“It is incredibly generous. I feel really lucky. I like to think that’s a testament to who I am as a person, and it hasn’t changed in the 10 years that I’ve been elected. I’m who I was before I got elected, and it’s who I will be when I’m done this path,” she said. “I just feel really lucky that folks who I see have the same qualities and are doing this with me.”

She admits that this year, her policy platform “is ambitious.”

Major campaign promises — including a territory-wide transit system, free post-secondary tuition, universal dental and pharmacare, fertility coverage and a housing authority — could have a steep price tag.

White is confident that new revenue measures and budget re-shuffling make them realistic without major increases in the federal transfer payments.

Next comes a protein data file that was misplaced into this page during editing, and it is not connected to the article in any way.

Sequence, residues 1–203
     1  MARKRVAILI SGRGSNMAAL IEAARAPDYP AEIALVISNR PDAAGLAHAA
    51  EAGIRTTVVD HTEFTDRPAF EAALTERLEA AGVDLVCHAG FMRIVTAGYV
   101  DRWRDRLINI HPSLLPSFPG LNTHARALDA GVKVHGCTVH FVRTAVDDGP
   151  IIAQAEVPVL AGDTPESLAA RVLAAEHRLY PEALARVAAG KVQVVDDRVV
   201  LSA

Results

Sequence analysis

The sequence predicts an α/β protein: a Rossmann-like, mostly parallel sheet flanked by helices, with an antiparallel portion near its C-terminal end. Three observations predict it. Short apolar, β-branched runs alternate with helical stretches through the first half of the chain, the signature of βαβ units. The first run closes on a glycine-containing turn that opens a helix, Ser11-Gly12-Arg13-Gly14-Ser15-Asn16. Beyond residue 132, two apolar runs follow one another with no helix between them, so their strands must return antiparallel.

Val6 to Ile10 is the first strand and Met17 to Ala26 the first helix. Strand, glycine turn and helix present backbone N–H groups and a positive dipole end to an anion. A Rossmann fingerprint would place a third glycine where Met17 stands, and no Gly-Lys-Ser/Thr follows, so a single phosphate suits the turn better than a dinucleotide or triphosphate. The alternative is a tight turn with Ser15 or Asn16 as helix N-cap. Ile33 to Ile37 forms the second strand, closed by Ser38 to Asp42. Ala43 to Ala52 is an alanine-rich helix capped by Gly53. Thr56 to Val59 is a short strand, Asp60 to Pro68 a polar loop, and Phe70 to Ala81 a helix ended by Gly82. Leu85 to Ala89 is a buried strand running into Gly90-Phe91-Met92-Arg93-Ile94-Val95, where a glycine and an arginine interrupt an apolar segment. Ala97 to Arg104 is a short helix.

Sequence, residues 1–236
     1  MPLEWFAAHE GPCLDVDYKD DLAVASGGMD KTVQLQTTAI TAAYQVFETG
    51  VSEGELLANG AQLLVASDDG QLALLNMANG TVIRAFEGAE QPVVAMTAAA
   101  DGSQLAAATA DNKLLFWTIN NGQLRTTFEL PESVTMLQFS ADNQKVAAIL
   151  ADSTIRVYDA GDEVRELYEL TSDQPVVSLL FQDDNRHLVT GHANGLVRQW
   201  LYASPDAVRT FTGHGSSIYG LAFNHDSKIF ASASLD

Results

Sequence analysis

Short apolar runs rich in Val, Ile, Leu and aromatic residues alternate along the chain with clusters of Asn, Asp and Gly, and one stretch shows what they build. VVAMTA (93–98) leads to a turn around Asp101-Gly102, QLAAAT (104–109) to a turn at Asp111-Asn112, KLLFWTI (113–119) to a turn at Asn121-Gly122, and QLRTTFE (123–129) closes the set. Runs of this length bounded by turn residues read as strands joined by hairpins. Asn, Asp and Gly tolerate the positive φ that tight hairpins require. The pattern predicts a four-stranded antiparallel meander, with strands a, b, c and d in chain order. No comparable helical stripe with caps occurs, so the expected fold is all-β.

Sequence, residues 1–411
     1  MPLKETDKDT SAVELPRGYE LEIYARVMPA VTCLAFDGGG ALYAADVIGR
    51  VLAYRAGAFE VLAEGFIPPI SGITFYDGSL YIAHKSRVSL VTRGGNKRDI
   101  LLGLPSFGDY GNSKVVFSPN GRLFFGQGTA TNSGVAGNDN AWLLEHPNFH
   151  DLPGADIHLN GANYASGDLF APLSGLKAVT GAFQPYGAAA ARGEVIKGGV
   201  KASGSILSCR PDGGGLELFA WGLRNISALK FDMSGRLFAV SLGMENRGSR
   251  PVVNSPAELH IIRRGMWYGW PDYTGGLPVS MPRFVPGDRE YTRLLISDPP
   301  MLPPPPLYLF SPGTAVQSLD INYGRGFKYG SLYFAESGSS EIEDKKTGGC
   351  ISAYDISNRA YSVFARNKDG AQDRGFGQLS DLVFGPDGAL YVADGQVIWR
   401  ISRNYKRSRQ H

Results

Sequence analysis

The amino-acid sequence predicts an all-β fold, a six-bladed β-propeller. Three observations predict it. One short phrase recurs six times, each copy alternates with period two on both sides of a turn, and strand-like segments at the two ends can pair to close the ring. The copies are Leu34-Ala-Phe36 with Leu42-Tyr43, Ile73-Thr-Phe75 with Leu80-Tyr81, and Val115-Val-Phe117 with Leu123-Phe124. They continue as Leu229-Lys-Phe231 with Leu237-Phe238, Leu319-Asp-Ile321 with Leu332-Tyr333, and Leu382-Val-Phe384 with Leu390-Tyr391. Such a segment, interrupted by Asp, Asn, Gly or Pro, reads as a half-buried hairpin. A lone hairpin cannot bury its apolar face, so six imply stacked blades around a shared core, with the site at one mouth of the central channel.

“Going into this election, I told folks, ‘Well, some people might not like what I’m saying, but no one will be surprised by it.’ Right? No one should be surprised by some of these policies and these ideas, because I’ve talked about them for years,” she said.

“So there is that consistency, and it’s grounded in other people’s experiences,” she said

Discussion of housing — affordability and availability — has made it into all three party platforms and a number of debates.

White has proposed a cap on annual rent increases, in addition to the development of new lots and a housing program based on the Whistler Housing Authority that would reserve some properties outside of the usual market value.

“I mean, in 2011, we called it a housing crisis. In 2016 we called it a housing crisis. In 2021 we’re still calling it a housing crisis. Right? So we need to get out of it,” she said. “Housing is a concern for people who have houses because they’re concerned about their neighbors, their communities, their kids, their family members. So housing affects everybody.”